I am not what you would call a naturally organized person. I always joke that I didn’t get that gene. It seems to have skipped a generation in my case. My mother is insanely organized, as is my daughter, but my daughter didn’t get it from me, although she might have inherited it through me. Maybe genetic researchers will find that organization is a recessive gene—it definitely must be in my case!
I know plenty of people who seem to be born organized, many of whom are in my immediate family. I’ve envied them most of my life, and I even married one, but I definitely do not belong to THAT tribe! My tribe is comprised of the pile makers. The messies. The project starters. The paperwork haters. The detail overlookers. The scattered. We are also the well-intentioned, the creatives, and the fun-loving jacks of many trades. We have lots and lots of redeeming qualities, but a natural ability to be organized is generally not one of them!
As you probably know, I am a woman with ADD, mom to a teen with ADHD, and a professional ADD Coach. I struggled with organization most of my life. My room was always a disaster area, and my best friend in high school (yes, Deborah, you!) used to have to help me clean it so that I was allowed to leave the house. I didn’t want to be disorganized and messy, and I always had good intentions. I hated that I couldn’t find things I needed, and I felt like everyone else knew some secret that they weren’t letting me in on. I knew I was smart and capable in so many ways. Why couldn’t I keep it together?!
Of course, the answer now is very clear: my undiagnosed ADD was getting in the way. I was in my 30s before I realized that ADD was what was holding me back, but that still didn’t solve the problem.
Today, people often refer to me as “organized” and “together,” and I sometimes still feel like I need to look over my shoulder to make sure they’re not talking about someone else in the room. I joke, but it’s something I have worked hard to learn to be, and I am very proud when others recognize the effort.
My clients often ask me what is the one thing that has helped me the most to better manage my life and be more organized. I think they’re usually looking for some secret smart phone app or filing system, but the answer is simple: structure and routine. (I can almost feel the eye-rolls as I type those words!). For those of us with ADHD/ADD, structure and routines are something of a double-edged sword: we resist them and push back against them, but we crave them and flourish in their presence at the same time. It’s a tough dichotomy for many of us to find balance. To make it worse, most of us who are adults with ADD/ADHD also have kids with the same brain wiring. Of course, we’re told that giving structure/routine to our children is essential to helping them improve their functioning.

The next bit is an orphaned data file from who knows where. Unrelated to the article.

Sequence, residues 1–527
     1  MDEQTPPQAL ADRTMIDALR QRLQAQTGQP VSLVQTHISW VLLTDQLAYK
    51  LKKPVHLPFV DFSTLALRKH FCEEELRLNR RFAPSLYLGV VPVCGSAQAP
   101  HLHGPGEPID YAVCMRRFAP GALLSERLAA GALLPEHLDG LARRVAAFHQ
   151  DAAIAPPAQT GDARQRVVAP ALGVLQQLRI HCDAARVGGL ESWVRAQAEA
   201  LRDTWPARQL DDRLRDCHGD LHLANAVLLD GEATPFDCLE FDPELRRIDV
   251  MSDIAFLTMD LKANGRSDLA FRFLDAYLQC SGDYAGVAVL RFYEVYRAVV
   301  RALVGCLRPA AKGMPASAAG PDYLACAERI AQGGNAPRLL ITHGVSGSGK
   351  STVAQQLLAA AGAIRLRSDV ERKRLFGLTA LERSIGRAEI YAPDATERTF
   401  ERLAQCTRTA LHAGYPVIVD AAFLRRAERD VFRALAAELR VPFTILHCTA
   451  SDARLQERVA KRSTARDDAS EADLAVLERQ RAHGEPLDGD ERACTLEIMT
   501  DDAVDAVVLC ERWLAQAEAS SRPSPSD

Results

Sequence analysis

Herein lies the rub: Giving a child with ADHD who is craving structure/routine is impossible if you haven’t figured out how to give it to yourself!
We adults with ADD need the structure and routine as much as our children do. We tend to push back against it almost intuitively, but structure and routine are your friends! They actually free us up to do the bigger and better things that we are so capable of doing. Structure and routine can help you “get your own mind out of your way” so that you’re not fighting your ADD tendencies (like procrastination, poor follow-through, difficulty getting started on things, etc.) quite as much. Structure and routine can allow us to put so much of our lives on auto-pilot–especially that mundane, everyday minutia that we tend to struggle so much with!
Parents of kids with ADHD sometimes come to my practice feeling such guilt for investing the time and money in themselves for coaching. If this is where your head is, it’s time to shift your thinking! Taking care of yourself enables you to be your best for others. It’s not selfish to be your best; it enables you to give more to others. Moreover, it’s a great lesson for your children! Especially for our children with ADHD & ADD.
I often remind my adult clients with kids that there is no better gift you can give your children than to lead by example! What a great lesson it is when we parents show our children that we are willing to work hard and persevere in order to improve our own lives! Children learn what they live. When we can learn to live well WITH our ADD, what better example can we be setting for our kids?!
A well-trained ADD Coach can help you immensely with implementing structure and routine, and there are plenty of DIY resources out there that one can investigate (flylady.net comes to mind). Alarms, timers, and electronic calendars with recurring appointments are really a big help for me. Putting your life in a rhythm or routine helps you get more done with less internal resistance—it helps you get your own mind out of your way!
Developing routines & structure takes time, effort, and patience, but it’s so very well worth it in the end!
How can I help you help yourself to be the best you can be? Contact me for a complimentary consultation to find out.